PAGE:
The World Meteorological Organization (WMO), a specialized agency of the United Nations, reports that carbon dioxide levels surged at a “record-breaking speed” in 2016. Their report indicates carbon dioxide concentrations rose to 403.3 parts per million (ppm) in 2016, up from 400 ppm in 2015, reaching levels of CO2 saturation in the earth’s atmosphere not seen in 3 to 4 million years. This growth pushes our climate’s atmosphere further outside the range of 180-280 ppm estimated for recent cycles of ice ages and warmer periods.
Petteri Taalas, Secretary-General of the WMO, issued the warning at the organization’s annual Greenhouse Gas Bulletin, held in Geneva on October 30. The bulletin states that today’s CO2 concentration of over 400 ppm exceeds the natural variability seen over hundreds of years.
“We have never seen such big growth in one year as we have been seeing last year in carbon dioxide concentration,” said Mr. Taalas.
Secretary-General Taalas also told journalists that it is past time for governments to fulfill the pledges they made at the 2015 United Nations Framework Convention on Climate Change (UNFCCC) in Paris. It was there and then that representatives from 195 countries, including the United States at the time, signed the Paris Climate Agreement, promising to take steps to reduce global warming.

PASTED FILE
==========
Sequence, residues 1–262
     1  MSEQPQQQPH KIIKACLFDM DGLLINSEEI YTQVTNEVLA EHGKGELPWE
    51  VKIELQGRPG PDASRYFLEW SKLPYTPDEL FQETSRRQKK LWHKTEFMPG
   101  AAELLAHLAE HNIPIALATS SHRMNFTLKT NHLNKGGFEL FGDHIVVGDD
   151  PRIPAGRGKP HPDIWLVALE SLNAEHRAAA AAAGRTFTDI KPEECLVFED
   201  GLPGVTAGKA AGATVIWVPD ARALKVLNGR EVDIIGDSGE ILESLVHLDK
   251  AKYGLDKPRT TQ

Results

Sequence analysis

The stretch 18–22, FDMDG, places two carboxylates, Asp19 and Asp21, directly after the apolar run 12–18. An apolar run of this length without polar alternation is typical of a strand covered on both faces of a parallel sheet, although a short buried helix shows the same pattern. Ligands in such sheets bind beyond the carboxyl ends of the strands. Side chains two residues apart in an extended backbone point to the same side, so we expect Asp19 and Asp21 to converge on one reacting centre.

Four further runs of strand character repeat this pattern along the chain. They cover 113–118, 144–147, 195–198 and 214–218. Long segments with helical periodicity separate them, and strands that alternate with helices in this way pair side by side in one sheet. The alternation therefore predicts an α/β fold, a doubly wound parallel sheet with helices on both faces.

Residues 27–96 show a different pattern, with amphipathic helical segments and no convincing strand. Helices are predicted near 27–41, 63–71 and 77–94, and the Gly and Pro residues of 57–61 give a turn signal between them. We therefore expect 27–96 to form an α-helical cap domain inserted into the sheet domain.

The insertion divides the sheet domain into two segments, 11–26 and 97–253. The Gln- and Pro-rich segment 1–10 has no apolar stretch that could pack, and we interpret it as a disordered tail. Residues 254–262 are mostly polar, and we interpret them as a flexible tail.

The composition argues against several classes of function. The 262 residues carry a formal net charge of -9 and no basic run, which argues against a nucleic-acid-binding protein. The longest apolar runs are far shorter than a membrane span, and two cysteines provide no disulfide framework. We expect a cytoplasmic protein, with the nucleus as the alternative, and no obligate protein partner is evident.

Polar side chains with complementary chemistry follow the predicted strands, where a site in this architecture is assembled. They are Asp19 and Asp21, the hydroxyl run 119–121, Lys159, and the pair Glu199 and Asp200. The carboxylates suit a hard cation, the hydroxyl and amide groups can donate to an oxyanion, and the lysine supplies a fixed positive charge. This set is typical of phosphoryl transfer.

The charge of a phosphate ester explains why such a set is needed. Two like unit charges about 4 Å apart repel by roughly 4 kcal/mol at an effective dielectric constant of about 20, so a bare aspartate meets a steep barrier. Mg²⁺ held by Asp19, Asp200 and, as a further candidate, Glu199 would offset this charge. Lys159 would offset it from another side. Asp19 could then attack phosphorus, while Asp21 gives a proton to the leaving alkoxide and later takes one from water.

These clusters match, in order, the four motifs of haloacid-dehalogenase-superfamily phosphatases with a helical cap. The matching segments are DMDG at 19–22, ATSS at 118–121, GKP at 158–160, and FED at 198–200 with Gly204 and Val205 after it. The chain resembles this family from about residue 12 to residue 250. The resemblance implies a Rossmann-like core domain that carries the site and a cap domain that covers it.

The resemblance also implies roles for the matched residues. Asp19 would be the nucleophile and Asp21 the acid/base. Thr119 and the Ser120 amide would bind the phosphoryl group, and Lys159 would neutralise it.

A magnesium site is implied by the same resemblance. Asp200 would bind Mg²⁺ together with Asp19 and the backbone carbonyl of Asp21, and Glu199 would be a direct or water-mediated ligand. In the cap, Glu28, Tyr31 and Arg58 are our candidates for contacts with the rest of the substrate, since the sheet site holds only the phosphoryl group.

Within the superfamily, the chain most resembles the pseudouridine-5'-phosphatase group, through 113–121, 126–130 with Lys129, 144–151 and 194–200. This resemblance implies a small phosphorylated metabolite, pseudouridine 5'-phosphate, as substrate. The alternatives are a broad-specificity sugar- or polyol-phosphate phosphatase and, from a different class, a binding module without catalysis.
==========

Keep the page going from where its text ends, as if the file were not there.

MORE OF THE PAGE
But in the two years since that promise was made, the world has continued to step in the wrong direction.
Last year’s CO2 concentration growth rate was 50 percent faster than the past decade’s average, driving levels 45 percent above calculated pre-industrial levels. The potential of this carbon dioxide increase could lead to a 20-meter rise in sea levels, and add an average of three degrees to temperatures around the world.
The WMO bulletin states that human-produced CO2 emissions from sources such as coal, oil and deforestation rose to a new record in 2016. Furthermore, scientists have observed a direct correlation between these rising ppm leading to both a rise in temperatures and a rise in sea levels, due to melting ice. But the situation is far worse than a new record high, as these increases are accelerating at an alarming rate.
“The rate of increase of atmospheric carbon dioxide (CO2) over the past 70 years is nearly 100 times larger than that at the end of the last ice age. As far as direct and proxy observations can tell, such abrupt changes in the atmospheric levels of CO2 have never before been seen,” the bulletin reports. This escalation in CO2, as well as other greenhouse gases methane and nitrous oxide, to a lesser extent, has caused a 40 percent in the global warming effect since 1990.
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